οὐ χρὴ λέοντος σκύμνον ἐν πόλει τρέφειν
Aristophanes, Frogs 1431a (Aeschylus speaking); attributed to Aeschylus by Grotius
Most mss. (but not V A Eac Kac Mac Np1 Vb3) add another verse (1431b) μάλιστα μὲν λέοντα μὴ ᾿ν πόλει τρέφειν, which Zielinski diagnosed as a doublet of 1431a1452a (61a)
τί δ᾿ ἀσπίδι ξύνθημα καὶ καρχησίῳ;
Anonymous collection of proverbs (CPG Suppl. i p.41); attributed to Aeschylus by Kaibel, to The Edonians by Kassel (cf. fr. 61)
καρχησίῳ Cohn: καρχησίων cod.465
ὃς εἶχε πώλους τέσσαρας ζυγηφόρους φιμοῖσιν αὐλωτοῖσιν ἐστομωμένας
Eustathius on Iliad 18.495, citing Pausanias the Atticist (α 169 Erbse); attributed to Aeschylus by Soping and Stanley (misled by Eustathius’ reference, just previously, to Pausanias α168 which cites Aesch. fr. 419); attribution doubted by Erbse, but can still be supported on stylistic grounds
One ought not to rear a lion’s whelp in a city.1452a
What connection has a shield with a drinking-cup?465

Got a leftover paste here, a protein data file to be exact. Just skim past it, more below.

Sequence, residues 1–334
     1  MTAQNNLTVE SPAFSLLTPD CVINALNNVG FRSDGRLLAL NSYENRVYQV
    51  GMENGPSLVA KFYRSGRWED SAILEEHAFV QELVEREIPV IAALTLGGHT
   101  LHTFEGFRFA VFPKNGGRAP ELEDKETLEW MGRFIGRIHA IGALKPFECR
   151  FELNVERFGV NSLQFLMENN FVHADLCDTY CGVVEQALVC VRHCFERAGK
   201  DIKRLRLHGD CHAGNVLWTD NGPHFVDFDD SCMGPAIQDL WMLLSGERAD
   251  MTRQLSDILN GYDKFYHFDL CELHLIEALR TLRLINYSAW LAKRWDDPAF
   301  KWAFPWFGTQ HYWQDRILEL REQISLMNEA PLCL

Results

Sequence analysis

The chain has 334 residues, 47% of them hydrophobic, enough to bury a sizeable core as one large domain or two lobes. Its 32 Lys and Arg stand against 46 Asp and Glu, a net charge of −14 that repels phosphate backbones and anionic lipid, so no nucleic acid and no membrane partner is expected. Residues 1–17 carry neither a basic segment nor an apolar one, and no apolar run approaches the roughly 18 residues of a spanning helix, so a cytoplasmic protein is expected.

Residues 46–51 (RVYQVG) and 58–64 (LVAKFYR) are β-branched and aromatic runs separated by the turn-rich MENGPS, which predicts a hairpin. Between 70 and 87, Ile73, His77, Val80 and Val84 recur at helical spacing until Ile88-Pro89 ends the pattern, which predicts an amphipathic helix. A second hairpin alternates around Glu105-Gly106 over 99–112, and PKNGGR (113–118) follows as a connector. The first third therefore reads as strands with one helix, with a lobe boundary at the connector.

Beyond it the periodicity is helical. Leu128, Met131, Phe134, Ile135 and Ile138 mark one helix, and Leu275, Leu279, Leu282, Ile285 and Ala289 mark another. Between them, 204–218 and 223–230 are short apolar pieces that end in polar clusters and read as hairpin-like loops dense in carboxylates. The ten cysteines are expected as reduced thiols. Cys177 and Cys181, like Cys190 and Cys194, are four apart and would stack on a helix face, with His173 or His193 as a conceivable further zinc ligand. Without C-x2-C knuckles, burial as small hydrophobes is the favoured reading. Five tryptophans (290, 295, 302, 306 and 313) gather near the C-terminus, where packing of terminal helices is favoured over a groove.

. . . who had four young mares under the yoke, equipped with muzzles with pipes.1
- 1Cf. Ag. 717–736, on how a man reared a lion-cub in his house with disastrous results.
- 1I suspect, however, with Kaibel, that the verse may rather come from a comic parody, for example in Eupolis’ Taxiarchs (cf. Eupolis frr. 272, 276), where Dionysus is represented as attempting incompetently to function as a soldier or sailor, or Eubulus’ Dionysius (cf. Eubulus fr. 24)
- 1Cf. Seven 463–4: “his horses . . . are snorting in their harness, eager to fall upon the gate; their muzzles, filled with the breath of their proud nostrils, are whistling [n.b.] a barbarian music”.